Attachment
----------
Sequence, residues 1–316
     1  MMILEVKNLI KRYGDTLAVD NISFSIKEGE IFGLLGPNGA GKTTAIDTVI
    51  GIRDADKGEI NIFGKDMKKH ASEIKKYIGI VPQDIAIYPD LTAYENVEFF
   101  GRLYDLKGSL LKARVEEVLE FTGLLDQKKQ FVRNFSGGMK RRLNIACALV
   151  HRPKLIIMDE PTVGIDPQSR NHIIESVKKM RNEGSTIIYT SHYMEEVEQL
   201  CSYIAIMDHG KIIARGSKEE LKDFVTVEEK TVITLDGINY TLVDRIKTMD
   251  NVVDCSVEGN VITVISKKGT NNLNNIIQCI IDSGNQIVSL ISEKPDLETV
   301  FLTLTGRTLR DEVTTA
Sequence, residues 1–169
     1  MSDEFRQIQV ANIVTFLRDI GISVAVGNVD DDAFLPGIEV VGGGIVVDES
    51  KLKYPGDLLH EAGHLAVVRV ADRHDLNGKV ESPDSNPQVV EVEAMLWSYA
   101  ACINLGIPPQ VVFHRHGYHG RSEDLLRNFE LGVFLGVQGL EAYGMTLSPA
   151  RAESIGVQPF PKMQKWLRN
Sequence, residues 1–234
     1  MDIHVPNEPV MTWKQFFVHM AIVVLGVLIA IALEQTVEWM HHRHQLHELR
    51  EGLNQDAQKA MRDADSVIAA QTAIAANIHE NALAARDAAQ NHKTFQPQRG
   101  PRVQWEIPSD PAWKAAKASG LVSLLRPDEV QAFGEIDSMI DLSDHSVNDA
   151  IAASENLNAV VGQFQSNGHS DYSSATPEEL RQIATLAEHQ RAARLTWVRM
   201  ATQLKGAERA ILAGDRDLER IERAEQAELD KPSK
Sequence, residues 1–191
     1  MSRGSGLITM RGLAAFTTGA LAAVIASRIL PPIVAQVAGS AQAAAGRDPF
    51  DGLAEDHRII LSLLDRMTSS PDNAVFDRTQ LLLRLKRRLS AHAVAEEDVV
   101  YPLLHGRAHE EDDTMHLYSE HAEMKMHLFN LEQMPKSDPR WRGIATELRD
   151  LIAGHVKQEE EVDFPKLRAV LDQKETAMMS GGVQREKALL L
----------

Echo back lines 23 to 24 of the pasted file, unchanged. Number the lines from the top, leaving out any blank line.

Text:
   101  YPLLHGRAHE EDDTMHLYSE HAEMKMHLFN LEQMPKSDPR WRGIATELRD
   151  LIAGHVKQEE EVDFPKLRAV LDQKETAMMS GGVQREKALL L